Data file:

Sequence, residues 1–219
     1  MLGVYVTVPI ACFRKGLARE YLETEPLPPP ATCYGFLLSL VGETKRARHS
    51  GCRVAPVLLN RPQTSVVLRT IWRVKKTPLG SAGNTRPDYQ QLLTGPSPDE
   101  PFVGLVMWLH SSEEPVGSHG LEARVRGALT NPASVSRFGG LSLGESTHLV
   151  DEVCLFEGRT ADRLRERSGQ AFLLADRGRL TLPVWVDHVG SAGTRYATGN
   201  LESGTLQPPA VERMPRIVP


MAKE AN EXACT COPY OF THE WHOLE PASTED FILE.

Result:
Sequence, residues 1–219
     1  MLGVYVTVPI ACFRKGLARE YLETEPLPPP ATCYGFLLSL VGETKRARHS
    51  GCRVAPVLLN RPQTSVVLRT IWRVKKTPLG SAGNTRPDYQ QLLTGPSPDE
   101  PFVGLVMWLH SSEEPVGSHG LEARVRGALT NPASVSRFGG LSLGESTHLV
   151  DEVCLFEGRT ADRLRERSGQ AFLLADRGRL TLPVWVDHVG SAGTRYATGN
   201  LESGTLQPPA VERMPRIVP